The article considers the potential for community-based forest management (of existing forests) in developing countries, as a future CDM strategy, to sequester and mitigate carbon and to claim credits in future commitment periods. This kind of forestry is cost-effective, and should bring many more benefits to local populations than do afforestation and reforestation, thus contributing more strongly to sustainable development. However, community forest management projects are small-scale, and the transaction costs associated with justifying them as climate projects are likely to be high. A research project being carried out in five developing countries is testing carbon measurement and monitoring methods which can be carried out by community members with very little formal education, which should greatly reduce these transaction costs. Using hand-held computers with GIS capability and attached GPS, villagers with 4 years of primary education are able to accurately map their forest resource and input biomass data from sample plots into a program which calculates carbon values.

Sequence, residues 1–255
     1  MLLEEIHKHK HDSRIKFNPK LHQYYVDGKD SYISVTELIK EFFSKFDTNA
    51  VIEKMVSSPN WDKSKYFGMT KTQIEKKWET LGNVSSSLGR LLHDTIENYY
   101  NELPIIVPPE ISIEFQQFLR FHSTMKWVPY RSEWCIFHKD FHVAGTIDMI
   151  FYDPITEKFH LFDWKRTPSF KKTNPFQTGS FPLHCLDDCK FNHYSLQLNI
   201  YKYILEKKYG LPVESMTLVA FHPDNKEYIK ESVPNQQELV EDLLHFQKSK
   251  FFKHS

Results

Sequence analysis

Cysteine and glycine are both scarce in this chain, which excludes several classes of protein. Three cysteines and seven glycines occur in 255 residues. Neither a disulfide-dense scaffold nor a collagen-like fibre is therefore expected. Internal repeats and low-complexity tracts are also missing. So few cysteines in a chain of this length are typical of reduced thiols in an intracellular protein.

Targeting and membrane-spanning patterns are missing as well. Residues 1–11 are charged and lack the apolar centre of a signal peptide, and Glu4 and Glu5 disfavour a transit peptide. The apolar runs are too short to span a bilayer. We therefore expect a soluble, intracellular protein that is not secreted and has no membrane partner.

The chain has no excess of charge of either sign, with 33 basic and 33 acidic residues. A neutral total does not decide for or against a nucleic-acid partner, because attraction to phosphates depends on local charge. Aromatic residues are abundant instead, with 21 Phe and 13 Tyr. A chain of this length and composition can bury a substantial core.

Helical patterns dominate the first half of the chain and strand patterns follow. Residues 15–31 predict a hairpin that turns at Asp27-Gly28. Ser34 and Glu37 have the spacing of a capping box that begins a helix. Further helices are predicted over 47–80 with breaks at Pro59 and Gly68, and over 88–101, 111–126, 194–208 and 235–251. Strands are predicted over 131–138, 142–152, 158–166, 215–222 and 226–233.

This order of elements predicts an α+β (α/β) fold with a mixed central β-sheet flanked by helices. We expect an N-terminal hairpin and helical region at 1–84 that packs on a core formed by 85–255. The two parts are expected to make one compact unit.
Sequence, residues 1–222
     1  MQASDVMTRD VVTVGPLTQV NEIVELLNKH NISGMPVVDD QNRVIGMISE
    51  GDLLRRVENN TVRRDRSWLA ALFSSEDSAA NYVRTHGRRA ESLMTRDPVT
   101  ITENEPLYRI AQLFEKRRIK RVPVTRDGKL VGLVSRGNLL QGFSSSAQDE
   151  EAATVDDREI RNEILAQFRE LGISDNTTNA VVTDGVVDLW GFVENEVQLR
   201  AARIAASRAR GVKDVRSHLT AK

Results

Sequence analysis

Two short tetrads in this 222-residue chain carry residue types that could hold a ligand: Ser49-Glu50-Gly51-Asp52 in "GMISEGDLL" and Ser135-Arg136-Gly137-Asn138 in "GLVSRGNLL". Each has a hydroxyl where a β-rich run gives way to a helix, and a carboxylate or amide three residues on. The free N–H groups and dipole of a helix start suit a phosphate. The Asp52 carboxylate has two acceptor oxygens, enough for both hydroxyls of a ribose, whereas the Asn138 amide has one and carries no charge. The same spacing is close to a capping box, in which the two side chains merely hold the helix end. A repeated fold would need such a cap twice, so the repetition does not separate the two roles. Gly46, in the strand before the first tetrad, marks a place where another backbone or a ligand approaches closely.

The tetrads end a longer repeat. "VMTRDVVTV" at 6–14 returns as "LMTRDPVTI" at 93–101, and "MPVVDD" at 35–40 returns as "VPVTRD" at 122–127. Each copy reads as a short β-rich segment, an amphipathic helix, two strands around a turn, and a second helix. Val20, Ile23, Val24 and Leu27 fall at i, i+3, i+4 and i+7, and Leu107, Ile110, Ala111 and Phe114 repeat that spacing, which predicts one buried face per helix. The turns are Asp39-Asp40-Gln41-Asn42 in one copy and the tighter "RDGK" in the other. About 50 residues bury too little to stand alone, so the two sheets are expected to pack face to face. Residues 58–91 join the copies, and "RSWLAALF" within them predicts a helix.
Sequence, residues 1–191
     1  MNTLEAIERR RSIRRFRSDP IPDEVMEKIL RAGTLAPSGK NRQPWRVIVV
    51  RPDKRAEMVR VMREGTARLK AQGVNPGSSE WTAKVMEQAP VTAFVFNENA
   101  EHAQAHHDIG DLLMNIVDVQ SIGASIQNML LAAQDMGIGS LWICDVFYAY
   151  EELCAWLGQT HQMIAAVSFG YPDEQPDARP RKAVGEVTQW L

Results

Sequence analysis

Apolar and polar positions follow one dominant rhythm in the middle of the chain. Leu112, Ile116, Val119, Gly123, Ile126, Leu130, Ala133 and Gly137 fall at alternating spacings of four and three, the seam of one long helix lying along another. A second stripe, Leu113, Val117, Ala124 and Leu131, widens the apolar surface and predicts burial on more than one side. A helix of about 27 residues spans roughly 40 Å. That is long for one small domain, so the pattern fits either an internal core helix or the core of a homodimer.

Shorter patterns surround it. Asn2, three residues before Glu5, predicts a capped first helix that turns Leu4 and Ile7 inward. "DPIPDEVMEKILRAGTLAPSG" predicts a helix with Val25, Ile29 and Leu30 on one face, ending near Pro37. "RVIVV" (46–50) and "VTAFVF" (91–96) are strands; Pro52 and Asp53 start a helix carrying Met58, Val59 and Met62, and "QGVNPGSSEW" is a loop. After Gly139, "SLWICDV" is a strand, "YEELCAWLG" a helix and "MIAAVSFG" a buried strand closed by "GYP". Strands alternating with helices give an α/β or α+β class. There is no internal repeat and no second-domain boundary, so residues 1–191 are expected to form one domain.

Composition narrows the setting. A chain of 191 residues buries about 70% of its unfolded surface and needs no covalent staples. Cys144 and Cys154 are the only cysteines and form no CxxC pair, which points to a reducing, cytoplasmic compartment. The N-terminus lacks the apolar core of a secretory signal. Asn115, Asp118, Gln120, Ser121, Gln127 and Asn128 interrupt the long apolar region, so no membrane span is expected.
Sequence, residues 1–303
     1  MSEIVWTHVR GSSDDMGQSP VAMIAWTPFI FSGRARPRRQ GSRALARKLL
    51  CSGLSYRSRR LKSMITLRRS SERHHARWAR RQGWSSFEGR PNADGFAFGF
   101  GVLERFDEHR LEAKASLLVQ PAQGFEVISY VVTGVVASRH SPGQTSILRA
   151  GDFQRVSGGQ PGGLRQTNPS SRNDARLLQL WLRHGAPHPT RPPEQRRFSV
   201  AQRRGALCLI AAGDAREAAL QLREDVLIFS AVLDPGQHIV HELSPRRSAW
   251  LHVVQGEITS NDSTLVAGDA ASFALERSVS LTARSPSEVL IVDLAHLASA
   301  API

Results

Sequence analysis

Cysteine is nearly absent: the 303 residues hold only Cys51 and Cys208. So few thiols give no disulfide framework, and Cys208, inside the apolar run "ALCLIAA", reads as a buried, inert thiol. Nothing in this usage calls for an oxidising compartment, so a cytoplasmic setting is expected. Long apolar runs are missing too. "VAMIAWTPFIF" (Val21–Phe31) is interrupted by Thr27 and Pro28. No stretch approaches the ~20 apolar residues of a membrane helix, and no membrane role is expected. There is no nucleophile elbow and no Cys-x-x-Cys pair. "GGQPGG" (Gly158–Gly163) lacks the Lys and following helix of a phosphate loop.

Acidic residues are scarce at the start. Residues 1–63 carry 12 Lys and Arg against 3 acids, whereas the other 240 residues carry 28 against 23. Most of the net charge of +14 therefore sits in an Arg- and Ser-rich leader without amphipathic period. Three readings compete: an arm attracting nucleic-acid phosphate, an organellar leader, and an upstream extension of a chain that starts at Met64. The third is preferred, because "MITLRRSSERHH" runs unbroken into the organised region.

- Participatory carbon measuring and monitoring
- Environmental service payments
- Transaction costs